Vail Daily column: Manufacturing jobs important to a diversified economy | VailDaily.com

Vail Daily column: Manufacturing jobs important to a diversified economy

According to the Alliance for American Manufacturing, more than 6 million U.S. manufacturing jobs vanished between 1998 and 2010. Colorado lost more than 52 thousand manufacturing jobs since 2001. These middle-class jobs provided workers with a good way of life and, with their loss, entire communities have been devastated. Although manufacturing continues to struggle, there are signs of recovery and success stories in places including the Vail Valley.

We continue to work hard to ensure the Vail Valley has a diverse, year-round economy with a variety of strong industry sectors. The Eagle County economic development plan outlines the strategies and tactics, including marketing our valley and building a business-friendly environment in which businesses can succeed.

Recreation industry

As reported by the Denver Post, outdoor recreation is now finally getting recognized as a major economic driver nationwide, with proposed federal legislation aiming to bolster the industry that has long languished at the fiscal kids' table. For years, we've been the beneficiaries of outdoor recreation; it has put us on the map as a top international vacation destination. Our next step is to take advantage of this brand strength to develop a diverse, year-round economy, one which leverages our strength in tourism, and one which includes manufacturing.

As of 2015, there are 63 manufacturing establishments in the Vail Valley, employing an average of 362 workers. The total wages paid to these individuals in 2015 was $16,333,921. The average weekly wage paid to these individuals in 2015 was $868. The total amount of retail sales generated by this sector in 2015 was $43,887,000. These companies are important contributors to the local economy, economic diversification and our community brand.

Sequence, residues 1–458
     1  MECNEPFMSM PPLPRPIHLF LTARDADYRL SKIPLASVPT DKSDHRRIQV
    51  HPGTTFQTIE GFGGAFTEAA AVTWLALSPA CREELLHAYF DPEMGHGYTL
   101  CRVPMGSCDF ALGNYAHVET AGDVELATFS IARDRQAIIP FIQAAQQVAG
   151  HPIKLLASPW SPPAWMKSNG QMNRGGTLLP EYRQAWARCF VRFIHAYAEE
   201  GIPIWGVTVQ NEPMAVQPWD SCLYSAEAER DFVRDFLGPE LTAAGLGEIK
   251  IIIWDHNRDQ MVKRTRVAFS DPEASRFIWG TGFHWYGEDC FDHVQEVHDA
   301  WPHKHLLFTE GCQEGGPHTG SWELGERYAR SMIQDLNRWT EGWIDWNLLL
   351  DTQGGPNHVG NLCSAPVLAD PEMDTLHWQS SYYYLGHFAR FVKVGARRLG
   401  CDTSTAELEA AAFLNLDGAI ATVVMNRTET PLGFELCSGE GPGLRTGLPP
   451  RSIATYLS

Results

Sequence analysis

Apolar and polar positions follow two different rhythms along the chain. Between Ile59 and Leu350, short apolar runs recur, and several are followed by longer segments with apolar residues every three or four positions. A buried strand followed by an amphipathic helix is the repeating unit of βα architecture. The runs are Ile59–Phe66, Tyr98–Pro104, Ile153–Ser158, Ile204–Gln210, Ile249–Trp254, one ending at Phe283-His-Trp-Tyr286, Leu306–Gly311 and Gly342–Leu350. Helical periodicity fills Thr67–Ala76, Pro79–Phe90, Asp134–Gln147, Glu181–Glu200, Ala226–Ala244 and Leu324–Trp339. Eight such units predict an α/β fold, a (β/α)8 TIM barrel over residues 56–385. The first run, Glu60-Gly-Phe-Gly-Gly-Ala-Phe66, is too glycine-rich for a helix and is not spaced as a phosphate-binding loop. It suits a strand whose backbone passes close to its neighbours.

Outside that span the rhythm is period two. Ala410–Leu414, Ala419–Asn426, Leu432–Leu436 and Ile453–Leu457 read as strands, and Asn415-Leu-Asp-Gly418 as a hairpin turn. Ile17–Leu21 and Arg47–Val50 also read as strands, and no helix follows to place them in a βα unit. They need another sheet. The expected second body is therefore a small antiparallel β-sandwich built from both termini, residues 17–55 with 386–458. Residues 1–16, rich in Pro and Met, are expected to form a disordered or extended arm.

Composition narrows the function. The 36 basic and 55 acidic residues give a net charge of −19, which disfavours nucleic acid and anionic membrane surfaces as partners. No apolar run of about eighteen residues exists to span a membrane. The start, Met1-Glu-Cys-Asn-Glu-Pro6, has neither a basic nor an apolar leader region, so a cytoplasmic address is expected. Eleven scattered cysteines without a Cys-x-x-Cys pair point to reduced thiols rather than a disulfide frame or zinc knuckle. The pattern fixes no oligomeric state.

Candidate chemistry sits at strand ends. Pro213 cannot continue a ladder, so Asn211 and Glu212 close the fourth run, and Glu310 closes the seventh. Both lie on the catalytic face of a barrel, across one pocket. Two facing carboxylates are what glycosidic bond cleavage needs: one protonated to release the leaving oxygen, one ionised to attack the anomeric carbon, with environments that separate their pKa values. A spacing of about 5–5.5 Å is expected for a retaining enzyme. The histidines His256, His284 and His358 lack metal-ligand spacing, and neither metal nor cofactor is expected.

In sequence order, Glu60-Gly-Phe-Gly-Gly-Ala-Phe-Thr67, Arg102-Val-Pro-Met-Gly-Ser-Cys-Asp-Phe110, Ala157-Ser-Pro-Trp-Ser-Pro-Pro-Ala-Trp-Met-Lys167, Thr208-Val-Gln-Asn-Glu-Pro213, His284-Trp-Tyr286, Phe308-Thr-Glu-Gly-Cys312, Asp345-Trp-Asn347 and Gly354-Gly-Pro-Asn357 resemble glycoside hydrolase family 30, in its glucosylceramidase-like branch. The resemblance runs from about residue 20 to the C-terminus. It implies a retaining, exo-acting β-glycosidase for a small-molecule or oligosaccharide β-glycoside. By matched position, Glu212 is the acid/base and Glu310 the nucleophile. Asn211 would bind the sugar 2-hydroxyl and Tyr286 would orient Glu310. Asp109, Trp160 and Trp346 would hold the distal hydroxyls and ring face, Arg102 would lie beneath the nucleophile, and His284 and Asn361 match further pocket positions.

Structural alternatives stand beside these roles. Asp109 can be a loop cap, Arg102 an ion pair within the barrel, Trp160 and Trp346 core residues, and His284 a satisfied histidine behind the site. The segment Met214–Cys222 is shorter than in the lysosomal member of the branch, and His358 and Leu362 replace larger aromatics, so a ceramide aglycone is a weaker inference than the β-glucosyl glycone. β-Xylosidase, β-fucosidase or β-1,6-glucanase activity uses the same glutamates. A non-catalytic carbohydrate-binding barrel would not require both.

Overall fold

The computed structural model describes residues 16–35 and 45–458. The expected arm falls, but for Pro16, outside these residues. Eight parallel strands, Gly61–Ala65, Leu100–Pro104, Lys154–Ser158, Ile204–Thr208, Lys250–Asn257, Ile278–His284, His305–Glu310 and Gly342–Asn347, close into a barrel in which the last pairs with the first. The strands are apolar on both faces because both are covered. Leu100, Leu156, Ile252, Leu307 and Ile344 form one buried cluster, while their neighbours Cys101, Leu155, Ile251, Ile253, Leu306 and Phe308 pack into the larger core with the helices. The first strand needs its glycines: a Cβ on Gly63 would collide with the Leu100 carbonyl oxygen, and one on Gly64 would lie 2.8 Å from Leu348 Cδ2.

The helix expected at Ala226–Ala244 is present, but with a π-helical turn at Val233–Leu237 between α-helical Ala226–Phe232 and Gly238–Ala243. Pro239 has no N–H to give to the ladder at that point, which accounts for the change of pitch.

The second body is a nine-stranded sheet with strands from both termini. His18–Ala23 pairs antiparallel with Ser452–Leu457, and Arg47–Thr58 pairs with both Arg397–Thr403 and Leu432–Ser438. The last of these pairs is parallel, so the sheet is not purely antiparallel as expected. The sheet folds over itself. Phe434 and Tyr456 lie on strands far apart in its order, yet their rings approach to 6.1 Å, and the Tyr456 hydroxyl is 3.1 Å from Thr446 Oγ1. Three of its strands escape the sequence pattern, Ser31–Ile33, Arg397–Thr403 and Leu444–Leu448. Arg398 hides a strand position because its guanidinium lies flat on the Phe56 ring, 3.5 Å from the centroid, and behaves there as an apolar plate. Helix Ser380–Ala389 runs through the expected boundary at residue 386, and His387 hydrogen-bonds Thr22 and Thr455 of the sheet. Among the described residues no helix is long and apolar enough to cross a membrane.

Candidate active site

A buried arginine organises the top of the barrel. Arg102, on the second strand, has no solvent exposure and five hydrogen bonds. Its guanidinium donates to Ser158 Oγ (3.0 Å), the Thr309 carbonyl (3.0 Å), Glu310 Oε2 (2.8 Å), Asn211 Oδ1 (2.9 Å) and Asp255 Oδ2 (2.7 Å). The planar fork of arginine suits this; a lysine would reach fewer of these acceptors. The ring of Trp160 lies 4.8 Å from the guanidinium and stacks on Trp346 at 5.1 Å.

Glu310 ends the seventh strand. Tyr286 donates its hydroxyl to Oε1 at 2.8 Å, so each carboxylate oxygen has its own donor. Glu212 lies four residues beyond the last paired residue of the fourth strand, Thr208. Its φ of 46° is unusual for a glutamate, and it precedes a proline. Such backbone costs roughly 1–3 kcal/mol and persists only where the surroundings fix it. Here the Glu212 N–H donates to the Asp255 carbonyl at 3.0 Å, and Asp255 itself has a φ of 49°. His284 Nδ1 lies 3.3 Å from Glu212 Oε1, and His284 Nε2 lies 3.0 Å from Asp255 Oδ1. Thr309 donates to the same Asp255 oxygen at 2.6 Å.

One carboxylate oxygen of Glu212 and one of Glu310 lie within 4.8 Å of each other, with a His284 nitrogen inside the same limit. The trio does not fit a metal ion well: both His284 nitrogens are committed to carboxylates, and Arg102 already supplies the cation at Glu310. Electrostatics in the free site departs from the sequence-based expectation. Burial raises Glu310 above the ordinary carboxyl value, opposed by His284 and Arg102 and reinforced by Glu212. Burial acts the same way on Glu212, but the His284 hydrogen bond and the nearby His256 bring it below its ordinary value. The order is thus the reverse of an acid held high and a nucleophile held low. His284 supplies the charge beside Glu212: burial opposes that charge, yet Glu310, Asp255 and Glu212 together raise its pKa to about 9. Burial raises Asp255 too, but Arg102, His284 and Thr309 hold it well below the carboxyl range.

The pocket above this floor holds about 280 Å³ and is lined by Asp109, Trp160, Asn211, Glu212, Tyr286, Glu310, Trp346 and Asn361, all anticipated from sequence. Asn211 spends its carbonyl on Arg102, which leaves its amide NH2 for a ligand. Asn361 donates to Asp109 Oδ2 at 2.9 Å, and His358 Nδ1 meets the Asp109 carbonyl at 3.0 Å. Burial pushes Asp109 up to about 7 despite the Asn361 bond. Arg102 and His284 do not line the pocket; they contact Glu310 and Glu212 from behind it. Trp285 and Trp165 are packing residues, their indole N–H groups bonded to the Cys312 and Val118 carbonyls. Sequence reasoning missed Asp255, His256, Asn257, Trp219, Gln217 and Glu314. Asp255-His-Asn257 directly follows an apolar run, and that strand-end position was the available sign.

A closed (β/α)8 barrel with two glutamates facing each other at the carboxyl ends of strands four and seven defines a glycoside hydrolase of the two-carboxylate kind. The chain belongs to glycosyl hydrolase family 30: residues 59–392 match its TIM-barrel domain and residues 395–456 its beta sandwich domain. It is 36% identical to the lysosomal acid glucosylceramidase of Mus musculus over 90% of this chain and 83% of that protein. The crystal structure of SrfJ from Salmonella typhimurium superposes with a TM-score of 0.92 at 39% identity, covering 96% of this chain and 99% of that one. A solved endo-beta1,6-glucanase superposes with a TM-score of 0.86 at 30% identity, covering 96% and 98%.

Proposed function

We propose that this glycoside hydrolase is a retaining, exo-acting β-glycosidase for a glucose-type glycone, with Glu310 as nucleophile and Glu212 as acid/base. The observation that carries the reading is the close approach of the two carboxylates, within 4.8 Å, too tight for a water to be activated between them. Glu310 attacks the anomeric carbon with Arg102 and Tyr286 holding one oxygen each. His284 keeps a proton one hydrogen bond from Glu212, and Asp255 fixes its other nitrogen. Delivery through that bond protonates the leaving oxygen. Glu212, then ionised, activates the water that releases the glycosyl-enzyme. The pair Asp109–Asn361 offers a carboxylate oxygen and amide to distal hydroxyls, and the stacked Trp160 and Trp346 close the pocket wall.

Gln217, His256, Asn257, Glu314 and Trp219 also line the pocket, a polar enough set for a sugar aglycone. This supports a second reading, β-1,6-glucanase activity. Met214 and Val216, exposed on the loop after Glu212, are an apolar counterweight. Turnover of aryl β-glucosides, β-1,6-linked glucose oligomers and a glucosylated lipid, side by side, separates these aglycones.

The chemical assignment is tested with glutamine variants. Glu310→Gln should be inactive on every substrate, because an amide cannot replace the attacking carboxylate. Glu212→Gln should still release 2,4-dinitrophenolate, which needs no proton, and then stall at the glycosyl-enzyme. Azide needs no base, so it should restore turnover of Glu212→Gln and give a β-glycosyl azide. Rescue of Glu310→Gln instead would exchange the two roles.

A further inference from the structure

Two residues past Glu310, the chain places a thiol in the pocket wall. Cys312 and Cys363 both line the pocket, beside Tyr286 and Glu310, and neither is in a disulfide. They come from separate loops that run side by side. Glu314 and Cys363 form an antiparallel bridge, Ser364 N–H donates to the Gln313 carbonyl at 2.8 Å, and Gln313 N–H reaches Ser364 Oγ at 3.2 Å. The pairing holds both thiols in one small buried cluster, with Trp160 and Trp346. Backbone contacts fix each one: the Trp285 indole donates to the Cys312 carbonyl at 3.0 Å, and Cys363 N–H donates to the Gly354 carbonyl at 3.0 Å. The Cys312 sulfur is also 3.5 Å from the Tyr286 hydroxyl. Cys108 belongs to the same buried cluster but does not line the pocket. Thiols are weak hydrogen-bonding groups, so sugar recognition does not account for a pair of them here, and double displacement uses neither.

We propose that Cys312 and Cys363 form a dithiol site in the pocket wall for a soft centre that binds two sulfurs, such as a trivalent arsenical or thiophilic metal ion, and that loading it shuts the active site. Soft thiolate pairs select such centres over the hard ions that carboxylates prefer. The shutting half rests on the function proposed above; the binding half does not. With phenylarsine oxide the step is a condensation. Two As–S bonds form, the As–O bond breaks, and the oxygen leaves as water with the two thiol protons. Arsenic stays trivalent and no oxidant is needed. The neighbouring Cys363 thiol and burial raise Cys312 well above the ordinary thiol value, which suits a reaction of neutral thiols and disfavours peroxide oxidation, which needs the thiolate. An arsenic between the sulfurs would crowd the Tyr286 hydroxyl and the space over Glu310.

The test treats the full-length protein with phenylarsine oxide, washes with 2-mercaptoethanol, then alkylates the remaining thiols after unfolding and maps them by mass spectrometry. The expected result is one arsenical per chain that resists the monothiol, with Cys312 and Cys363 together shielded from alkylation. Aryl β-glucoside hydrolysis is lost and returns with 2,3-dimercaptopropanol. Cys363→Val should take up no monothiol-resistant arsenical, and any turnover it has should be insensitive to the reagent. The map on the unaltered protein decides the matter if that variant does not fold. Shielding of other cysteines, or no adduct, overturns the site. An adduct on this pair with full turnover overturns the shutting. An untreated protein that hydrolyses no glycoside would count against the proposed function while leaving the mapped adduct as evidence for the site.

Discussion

Colorado proud

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Our communities hold real opportunities for hard-working entrepreneurs, business owners and employees determined to live out the lives of their dreams in the mountains of our state.

If you look at where there has been job growth in the mountains of Colorado since the start of the financial recession, the outdoor manufacturing industry has made great strides. Everything from skis to beer, these companies are producing American-made goods and providing hundreds of high-quality, well-paying jobs in our community. And if you ask, most of these companies will tell you they intend to grow their businesses.

Colorado, as a whole, is in a strong position to lead the outdoor recreation industry on many levels. In June 2015, Governor Hickenlooper appointed Eagle resident Luis Benitez as the state's first director of the Colorado Outdoor Recreation Industry Office. The creation of this office exemplifies the importance of the $34.5 billion outdoor recreation industry in Colorado, and the healthy communities and healthy economies it creates throughout the state.

Plus, this month, the U.S. Senate Commerce, Science and Transportation Committee approved bipartisan legislation from Senator Cory Gardner, R-CO, and Senator Jeanne Shaheen, D-N, that would analyze and provide information regarding the number of jobs sustained by and the economic impact attributed to the outdoor recreation industry. Their bill, the Outdoor Recreation Jobs and Economic Impact Act (S. 2219), was adopted by voice vote. It may now be considered by the full Senate.

Importance of American-made

According to the Bureau of Labor Statistics, there are 143,000 manufacturing jobs currently in Colorado, but it's important to remember that our state has lost more than 6,000 manufacturing jobs since 2005. Manufacturing jobs account for nearly 5 percent of the state's share of total employment and more than 7 percent of the state's gross product.

Buying American-made is the most direct way anyone can support American manufacturing and manufacturing jobs. When you buy American-made goods, you elevate your purchase to the status of a conversation piece. A simple product is transformed into a symbol of resilience. Every item purchased can become a conversation about supporting the jobs of our fellow citizens who made it.

During this election season, we need to remind our elected officials, and especially those running for public office, how important manufacturing jobs are to our communities, our state and our nation.

Chris Romer is president and CEO of the Vail Valley Partnership.